• Assessment of the tolerance of intravenous iron supplementation [ Time Frame: Week 6 ]
    Number of Adverse Event (AE) and Serious Adverse Event(SAE) occurence.

  • re-hospitalization rate [ Time Frame: Month 6 ]

Estimated Enrollment: 116
Study Start Date: January 2013
Estimated Study Completion Date: July 2017
Estimated Primary Completion Date: July 2017 (Final data collection date for primary outcome measure)
Arms Assigned Interventions
Experimental: Ferinject 1000 mg
Intravenous Administration of 1000 mg of ferinject Volume of infusion : 250 mL
Drug: Ferinject 1000 mg
Placebo Comparator: Placebo
Intravenous administration of 250 ml of sodium chlorure 0.9 %
Drug: Sodium chlorure 0,9 %


Ages Eligible for Study:   65 Years and older   (Adult, Senior)
Sexes Eligible for Study:   All
Accepts Healthy Volunteers:   No

Inclusion Criteria:

  1. Patients aged over 65 hospitalized for upper or lower GI bleeding with positve outcome during hospitalization without surgery, and with persistent anaemia (Hb <11g/dL),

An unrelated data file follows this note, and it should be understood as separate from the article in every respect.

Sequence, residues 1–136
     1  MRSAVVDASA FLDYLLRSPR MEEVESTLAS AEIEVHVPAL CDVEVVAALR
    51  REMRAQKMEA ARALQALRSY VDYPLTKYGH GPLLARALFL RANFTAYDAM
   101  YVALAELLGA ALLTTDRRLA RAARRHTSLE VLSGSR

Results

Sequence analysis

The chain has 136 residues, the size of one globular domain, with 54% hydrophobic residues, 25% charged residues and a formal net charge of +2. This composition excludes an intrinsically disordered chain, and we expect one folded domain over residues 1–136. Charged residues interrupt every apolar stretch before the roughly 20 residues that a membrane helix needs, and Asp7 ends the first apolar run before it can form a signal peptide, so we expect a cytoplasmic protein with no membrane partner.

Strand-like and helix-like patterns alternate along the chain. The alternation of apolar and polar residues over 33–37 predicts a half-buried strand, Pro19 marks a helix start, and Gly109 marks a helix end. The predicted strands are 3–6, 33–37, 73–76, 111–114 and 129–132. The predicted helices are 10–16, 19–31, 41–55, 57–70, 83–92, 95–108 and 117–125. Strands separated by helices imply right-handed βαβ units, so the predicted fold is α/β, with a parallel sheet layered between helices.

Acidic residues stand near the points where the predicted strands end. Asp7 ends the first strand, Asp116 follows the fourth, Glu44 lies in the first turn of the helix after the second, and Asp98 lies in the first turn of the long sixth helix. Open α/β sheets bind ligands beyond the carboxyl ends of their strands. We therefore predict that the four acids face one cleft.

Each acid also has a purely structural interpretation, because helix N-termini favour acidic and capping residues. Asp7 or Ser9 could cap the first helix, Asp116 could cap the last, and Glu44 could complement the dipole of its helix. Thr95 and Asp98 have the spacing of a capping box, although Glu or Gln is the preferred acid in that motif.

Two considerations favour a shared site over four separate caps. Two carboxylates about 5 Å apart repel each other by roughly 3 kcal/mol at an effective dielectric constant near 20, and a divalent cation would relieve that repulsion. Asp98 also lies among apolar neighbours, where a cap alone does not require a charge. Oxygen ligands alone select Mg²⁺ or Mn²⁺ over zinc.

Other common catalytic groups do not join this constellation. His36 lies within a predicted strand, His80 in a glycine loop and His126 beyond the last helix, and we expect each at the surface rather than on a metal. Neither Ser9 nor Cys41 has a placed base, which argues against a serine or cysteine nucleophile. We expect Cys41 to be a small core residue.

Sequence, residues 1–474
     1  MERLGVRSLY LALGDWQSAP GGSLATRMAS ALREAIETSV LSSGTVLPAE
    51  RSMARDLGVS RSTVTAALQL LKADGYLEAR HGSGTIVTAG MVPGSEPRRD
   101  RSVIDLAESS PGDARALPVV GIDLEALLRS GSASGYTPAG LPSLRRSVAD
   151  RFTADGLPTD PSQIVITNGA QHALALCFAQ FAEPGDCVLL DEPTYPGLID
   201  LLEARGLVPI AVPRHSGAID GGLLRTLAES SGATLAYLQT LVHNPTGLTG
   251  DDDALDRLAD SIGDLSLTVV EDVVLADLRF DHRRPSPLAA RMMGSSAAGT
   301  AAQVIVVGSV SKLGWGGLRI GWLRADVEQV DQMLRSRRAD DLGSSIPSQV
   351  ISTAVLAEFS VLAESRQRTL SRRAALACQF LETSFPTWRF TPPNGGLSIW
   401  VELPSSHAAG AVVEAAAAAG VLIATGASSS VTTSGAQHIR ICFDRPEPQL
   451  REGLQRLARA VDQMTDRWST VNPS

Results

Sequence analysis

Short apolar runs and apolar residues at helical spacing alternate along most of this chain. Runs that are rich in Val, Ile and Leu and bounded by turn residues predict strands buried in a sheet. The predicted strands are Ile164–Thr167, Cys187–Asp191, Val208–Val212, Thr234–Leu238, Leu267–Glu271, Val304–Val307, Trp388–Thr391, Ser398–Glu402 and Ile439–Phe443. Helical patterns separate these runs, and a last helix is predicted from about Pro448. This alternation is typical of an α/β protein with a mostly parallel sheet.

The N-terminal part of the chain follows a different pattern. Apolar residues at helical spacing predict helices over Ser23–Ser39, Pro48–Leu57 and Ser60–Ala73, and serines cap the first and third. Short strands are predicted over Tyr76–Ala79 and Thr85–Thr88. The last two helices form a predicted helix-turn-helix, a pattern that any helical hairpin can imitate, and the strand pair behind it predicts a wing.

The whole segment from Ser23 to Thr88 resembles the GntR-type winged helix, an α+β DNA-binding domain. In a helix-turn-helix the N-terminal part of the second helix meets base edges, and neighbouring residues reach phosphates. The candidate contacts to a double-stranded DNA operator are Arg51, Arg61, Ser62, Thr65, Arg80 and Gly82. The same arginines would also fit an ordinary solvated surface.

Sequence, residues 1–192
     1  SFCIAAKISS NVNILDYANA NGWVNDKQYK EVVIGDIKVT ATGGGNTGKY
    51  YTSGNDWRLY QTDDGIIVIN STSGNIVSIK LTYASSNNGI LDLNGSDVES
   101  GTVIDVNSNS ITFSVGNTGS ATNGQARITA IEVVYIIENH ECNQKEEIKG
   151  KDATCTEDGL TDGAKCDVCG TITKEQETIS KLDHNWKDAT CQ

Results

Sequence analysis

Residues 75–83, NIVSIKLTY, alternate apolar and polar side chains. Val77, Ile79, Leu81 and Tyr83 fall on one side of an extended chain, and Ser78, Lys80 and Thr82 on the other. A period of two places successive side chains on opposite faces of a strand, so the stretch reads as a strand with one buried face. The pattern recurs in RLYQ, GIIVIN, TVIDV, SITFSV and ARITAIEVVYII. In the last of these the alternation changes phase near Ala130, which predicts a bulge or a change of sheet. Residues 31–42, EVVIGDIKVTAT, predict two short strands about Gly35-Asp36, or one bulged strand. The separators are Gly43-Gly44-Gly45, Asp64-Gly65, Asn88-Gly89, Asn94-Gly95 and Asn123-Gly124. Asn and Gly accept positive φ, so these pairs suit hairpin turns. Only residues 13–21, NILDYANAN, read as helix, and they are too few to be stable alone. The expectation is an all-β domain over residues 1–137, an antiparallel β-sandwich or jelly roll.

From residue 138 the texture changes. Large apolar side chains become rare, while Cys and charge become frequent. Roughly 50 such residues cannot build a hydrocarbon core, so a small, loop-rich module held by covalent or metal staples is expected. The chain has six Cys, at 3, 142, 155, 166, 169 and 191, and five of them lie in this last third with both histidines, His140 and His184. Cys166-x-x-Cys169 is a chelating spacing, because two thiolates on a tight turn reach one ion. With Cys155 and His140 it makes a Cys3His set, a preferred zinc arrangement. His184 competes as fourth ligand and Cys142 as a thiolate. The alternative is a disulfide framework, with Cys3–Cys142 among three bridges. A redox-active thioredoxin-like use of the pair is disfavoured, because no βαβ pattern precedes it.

2. Signed informed consent,
  3. Patients with National Health Insurance,

Exclusion Criteria:

  1. Uncontrolled haemorrhage defined by any new externalizing and / or a decrease of haemoglobin and haematocrit levels,
  2. GI bleeding related to portal hypertension or malignancy,
  3. The absence of anaemia,
  4. Cancer evolution,
  5. Patient under guardianship, curatorship or unable to supply consent,
  6. Iron overload,
  7. History of asthma
  8. History of eczema
  9. Hypersensitivity to any component
  10. Decompensated liver cirrhosis
  11. Infection during treatment or uncontrolled infection 12 Rheumatoid arthritis

13. Acute renal failure

  Contacts and Locations
Choosing to participate in a study is an important personal decision. Talk with your doctor and family members or friends about deciding to join a study. To learn more about this study, you or your doctor may contact the study research staff using the Contacts provided below. For general information, see Learn About Clinical Studies.

Please refer to this study by its identifier: NCT01690585

Contact: Julien BLOT +33232888265 julien.blot@chu-rouen.Fr

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Sponsors and Collaborators
University Hospital, Rouen
Principal Investigator: Guillaume SAVOYE, Pr UH Rouen
  More Information

Responsible Party: University Hospital, Rouen Identifier: NCT01690585     History of Changes
Other Study ID Numbers: 2011/123/HP
Study First Received: September 12, 2012
Last Updated: December 6, 2016

Additional relevant MeSH terms:
Gastrointestinal Hemorrhage
Pathologic Processes
Gastrointestinal Diseases
Digestive System Diseases processed this record on August 18, 2017